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The text of eBay's complaint filed in a Delaware court [PDF] has made its way online, and in it, eBay "seeks equitable and legal relief" from Craigslist CEO Jim Buckmaster and founder Craig Newmark for:

[B]reaching their fiduciary duties of care, loyalty, and good faith by implementing certain self-dealing transactions challenged herein which were designed specifically to benefit themselves to the detriment of eBay.

Allegedly Buckmaster and Newmark attempted to issue themselves new shares in order to keep more of the profits to themselves, instead of sharing the 28.4 percent eBay can demand for their stake in the company, as Valleywag predicted. After the jump, the blow-by-blow account as detailed by the Wall Street Journal.

  • In 2005, Buckmaster complained that eBay's unfortunately-named classified service Kijiji competed directly with Craigslist, telling then CEO Meg Whitman "we are no longer comfortable having eBay as a shareholder."
  • Whitman responded that eBay loved Craigslist, and that "we would welcome the opportunity to acquire the remainder" of the company.
  • In October of 2007, Buckmaster and Newmark met with lawyer Edward Wes, and issued themselves "reorganization shares" which diluted eBay's stake under the 25 percent threshold that gave eBay special rights in the election of board members.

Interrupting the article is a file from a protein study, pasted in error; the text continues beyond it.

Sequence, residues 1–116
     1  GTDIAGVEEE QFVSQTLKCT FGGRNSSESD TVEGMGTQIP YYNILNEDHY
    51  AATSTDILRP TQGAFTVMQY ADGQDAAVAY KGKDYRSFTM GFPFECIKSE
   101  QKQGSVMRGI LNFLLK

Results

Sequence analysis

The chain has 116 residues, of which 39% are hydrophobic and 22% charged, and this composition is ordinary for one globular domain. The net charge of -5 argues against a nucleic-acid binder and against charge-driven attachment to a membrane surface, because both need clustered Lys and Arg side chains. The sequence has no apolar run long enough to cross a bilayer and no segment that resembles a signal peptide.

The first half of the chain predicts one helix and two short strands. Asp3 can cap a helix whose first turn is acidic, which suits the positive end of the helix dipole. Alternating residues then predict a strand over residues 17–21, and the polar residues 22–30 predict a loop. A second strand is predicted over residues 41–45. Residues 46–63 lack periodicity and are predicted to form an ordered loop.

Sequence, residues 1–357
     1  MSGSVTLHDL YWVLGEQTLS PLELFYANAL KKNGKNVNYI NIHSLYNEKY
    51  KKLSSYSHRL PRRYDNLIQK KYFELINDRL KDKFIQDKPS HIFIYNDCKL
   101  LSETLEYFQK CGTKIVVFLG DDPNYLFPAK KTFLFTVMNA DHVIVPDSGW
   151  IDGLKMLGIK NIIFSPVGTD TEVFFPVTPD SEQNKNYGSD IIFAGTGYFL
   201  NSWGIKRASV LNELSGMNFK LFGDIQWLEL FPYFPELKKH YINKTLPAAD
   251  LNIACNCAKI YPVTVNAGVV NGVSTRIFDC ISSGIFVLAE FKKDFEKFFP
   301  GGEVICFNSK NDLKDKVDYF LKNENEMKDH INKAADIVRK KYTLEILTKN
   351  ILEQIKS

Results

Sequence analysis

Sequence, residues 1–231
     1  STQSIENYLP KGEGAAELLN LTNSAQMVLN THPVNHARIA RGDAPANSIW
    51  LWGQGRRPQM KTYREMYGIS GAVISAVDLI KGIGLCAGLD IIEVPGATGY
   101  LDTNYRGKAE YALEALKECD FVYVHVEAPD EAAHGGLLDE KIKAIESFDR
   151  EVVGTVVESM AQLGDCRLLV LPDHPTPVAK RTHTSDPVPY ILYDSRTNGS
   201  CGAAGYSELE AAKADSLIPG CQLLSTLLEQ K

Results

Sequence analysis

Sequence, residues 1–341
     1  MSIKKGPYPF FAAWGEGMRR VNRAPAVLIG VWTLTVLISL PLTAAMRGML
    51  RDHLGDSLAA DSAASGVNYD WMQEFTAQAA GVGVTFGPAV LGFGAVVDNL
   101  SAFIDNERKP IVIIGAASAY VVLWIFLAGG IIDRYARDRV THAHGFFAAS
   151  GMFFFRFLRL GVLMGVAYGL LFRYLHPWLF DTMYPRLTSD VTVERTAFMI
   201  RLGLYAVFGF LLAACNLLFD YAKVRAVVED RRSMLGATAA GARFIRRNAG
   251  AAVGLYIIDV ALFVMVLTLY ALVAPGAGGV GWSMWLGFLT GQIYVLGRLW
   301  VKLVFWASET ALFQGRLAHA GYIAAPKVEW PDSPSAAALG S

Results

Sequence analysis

• They further tried to poison the share well through right of first refusal clauses that eBay alleges would "make Newmark, Buckmaster, or the Company they control the only possible acquirers of eBay's shares."
  • Newmark and Buckmaster didn't bother to tell eBay about these moves, as well as changes to the corporate charter, until January 3rd of 2008. Now eBay wants the moves overturned in the courts.

As for Craigslist's response, Buckmaster writes on the official blog that "every measure we have taken has been for the sake of protecting the long term well-being of the craigslist community." By "community" we assume he means "our pecuniary self-interest."